The Ohio premiere of Coal Country, a documentary about mountain-top-removal coal mining and the damage it causes to the environment, takes place at 8 p.m. Saturday, Sept. 12, at the Akron Civic Theatre (182 S. Main St., 330.957.6167, akroncivic.com). For country/folk singer Kathy Mattea, the movie coincided with work she did with Al Gore to promote his film An Inconvenient Truth. "It's been an amazing process," says Mattea, who was originally asked to do the film's soundtrack but eventually ended up in the film too. The West Virginia-born Mattea, who has released an album of coal-mining songs, says there's always been a good deal of ambivalence about coal mining. That's something that's exploited in Coal Country, which presents the coal companies' side of the story too. "The larger conversation is, How do we change things?" says Mattea. "I'm just a chick singer, so I don't want to pretend that I know the final solution. But how we have the conversation is very important. I think sustainability just makes sense. If we say we're going to do that, we've got to take care of the miners on the way and [not] just drop them, which is my great fear." A private reception with Mattea, executive producer Mari-Lynn Evans, and actress and activist Daryl Hannah precedes the screening at 6:30 p.m. Afterward, there is a reception at Ohio Brewing Company (222 Main St.) where the bluegrass band Sawgrass will perform. Go to coalcountrythemovie.com for info.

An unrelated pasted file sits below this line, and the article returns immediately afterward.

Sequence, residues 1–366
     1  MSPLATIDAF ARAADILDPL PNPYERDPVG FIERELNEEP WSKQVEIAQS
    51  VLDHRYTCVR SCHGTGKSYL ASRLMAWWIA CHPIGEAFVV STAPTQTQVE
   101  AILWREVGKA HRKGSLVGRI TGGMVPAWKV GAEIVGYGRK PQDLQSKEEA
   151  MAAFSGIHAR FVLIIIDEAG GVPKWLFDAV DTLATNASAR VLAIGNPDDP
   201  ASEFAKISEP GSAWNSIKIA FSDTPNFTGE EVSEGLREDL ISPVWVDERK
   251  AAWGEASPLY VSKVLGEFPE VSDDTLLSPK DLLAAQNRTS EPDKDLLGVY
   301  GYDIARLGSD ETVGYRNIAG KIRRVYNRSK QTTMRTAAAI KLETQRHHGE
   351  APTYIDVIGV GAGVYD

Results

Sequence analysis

Terry Meehan, an adjunct professor at Lorain Community College and host of a film program at Lakewood Public Library called "Back to the Movies: Five Decades of Cinemas," is also teaching a film-appreciation class at the Cuyahoga County Public Library's Orange branch (31300 Chagrin Blvd.). The eight-session class begins on Monday, Sept. 14, and covers everything from cinematography and art direction to screenwriting. Registration is $60; contact Meehan at firstname.lastname@example.org for more info.
The West Shore Unitarian Universalist Church (20401 Hilliard Rd., Rocky River) presents two special screenings this weekend: 9/11: Press for Truth, about families of 9/11 victims who took on the Bush Administration in the wake of World Trade Center attack, screens at 7 p.m. Friday, Sept. 11, and Processed People, a 40-minute movie about health and environment issues, screens at 7 p.m. Saturday, Sept. 12. Admission is free, but donations are requested.